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A sign is posted outside of the Bay Area Rapid Transit (BART) Rockridge station on August 2, 2013 in Oakland.
Update 11:50 p.m.: Brown orders last minute inquiry to avoid BART strike
With an eleventh hour order, Gov. Jerry Brown averted a strike of San Francisco's Bay Area Rapid Transit system late Sunday night, easing the minds of hundreds of thousands of anxious commuters.
In the order, Brown named a board of investigators for a seven-day inquiry into the contract dispute that threatened to shut down, beginning Monday, one of the region's major train lines.
Brown's order comes under a law that allows the state's intervention if a strike will significantly disrupt public transportation services and endanger public health.
"For the sake of the people of the Bay Area, I urge — in the strongest terms possible — the parties to meet quickly and as long as necessary to get this dispute resolved," Brown said in the order.
In a statement, BART spokesman Rick Rice said the transit authority's board president Tom Radulovich sent a letter to the governor requesting his intervention and a cooling off period of 60 days. The governor issued an order with considerably less time of a week.
"The formal impartial fact-finding that accompanies the cooling-off period will help clarify the points of difference between the proposals," the statement said.
Union leaders issued a critical statement after the order, accusing BART management negotiators of stalling until only hours remained before the strike would have begun to provide counter proposals on core pay and benefits.
"Our hope is that the Governor's Board of Investigation will reveal how little time BART management has spent at the bargaining table in the past 30 days, compared with how much time they've spent posturing to the media," said SEIU 1021 President Roxanne Sanchez.
Bay Area Rapid Transit managers and union leaders had returned to the bargaining table Sunday in hopes of heading off a strike that would have affected 400,000 commuters and created traffic nightmares for the San Francisco area for the second time in a month.
Representatives from BART management and the agency's two largest employee unions negotiated for about 14 hours Saturday and resumed bargaining Sunday morning as a midnight deadline loomed. Brown's order came at around 10:30 p.m. Sunday.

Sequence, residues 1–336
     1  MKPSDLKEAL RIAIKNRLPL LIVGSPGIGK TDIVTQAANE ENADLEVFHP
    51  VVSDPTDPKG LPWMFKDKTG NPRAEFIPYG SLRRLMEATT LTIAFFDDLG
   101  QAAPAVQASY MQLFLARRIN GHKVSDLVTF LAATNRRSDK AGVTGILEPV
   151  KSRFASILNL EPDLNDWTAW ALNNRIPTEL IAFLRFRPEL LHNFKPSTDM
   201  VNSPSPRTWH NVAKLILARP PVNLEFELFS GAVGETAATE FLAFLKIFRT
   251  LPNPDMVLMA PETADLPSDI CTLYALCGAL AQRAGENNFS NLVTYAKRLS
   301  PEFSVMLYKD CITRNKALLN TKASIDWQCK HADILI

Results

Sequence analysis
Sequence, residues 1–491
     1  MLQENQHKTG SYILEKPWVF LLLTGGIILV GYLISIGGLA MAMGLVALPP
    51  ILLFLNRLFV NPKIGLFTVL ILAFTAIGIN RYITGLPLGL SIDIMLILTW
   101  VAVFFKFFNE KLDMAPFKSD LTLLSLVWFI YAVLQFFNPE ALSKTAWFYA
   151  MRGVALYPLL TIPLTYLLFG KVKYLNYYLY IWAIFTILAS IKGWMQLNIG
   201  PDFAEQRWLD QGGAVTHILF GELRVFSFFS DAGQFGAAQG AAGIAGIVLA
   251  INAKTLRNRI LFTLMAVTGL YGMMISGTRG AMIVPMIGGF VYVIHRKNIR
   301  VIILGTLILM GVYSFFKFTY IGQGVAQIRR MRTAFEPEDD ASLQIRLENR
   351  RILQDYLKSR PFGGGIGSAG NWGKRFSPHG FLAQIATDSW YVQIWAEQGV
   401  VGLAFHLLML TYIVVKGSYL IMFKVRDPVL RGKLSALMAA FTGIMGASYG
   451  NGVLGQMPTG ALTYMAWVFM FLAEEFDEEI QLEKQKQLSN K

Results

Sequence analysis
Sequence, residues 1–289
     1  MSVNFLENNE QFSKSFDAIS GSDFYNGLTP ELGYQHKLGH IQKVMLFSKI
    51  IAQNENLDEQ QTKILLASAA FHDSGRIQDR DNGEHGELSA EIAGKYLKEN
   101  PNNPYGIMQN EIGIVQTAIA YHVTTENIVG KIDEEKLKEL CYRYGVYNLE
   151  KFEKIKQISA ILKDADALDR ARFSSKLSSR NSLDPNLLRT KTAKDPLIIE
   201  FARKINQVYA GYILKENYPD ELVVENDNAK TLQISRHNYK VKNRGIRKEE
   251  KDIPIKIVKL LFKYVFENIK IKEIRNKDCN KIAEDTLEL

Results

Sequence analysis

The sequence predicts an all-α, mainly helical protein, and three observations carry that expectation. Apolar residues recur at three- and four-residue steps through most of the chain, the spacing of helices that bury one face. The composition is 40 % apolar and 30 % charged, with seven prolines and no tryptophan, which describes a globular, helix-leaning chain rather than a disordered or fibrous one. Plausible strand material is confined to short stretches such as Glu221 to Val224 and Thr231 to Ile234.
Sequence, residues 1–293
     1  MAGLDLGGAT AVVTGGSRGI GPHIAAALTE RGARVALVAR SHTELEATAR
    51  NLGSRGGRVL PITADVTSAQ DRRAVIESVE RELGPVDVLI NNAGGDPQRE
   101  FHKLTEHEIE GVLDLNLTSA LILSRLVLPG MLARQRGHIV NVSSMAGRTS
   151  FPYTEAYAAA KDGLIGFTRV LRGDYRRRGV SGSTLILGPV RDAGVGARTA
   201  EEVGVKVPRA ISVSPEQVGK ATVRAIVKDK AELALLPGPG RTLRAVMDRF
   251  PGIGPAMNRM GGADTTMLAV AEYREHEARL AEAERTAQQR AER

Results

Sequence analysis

Update 5:05 p.m.: Midnight strike deadline approaches for SF BART labor talks
Bay Area Rapid Transit managers and union leaders are back at the bargaining table in hopes of heading off a strike that would create traffic nightmares for San Francisco area commuters for the second time in a month.
Representatives from BART management and the agency's two largest employee unions negotiated for about 14 hours yesterday and resumed bargaining this morning as a midnight deadline looms.
Big differences remain on key issues including wages, pensions, worker safety and health care costs, but the parties have expressed some optimism that an agreement could be reached to avert a strike planned for Monday.
KQED reported a hastily-scheduled press conference by the union representing Bay Area transit workers was just as hastily cancelled Sunday afternoon.
The station offers a summary of the negotiation sticking points:
Pay: Unions are seeking a substantial raise after agreeing to a wage freeze in their 2009 contract. Their opening position was 23 percent over four years. It's unknown what their current proposals might be, but BART has said in the past few days that it has stuck to an 8 percent raise over the four-year term of the new contract—compared to an opening position of 4 percent.
Pensions: Most BART union employees currently pay nothing into their pensions. BART said in a recent statement it wants them to pay 5 percent of their salaries into their pension plan and that the unions are seeking to hold the contribution to 3 percent.
Medical benefits: BART's union employees currently pay $92 a month for medical insurance, regardless of how many people are covered in an employee's policy. BART says it's seeking to get workers to cover 10 percent of the monthly cost of their plans and that the unions want to continue paying a flat rate.
Unions have also sought unspecified improvements in safety procedures for station workers, train operators, and maintenance personnel.
Citing a gag order on negotiations, the unions have not released details of their current proposals for pensions or medical benefits.
Bay Area agencies are preparing ways to get commuters to work if there's a strike, but officials say there's no way to make up for the BART system, which carries about 400,000 riders a day.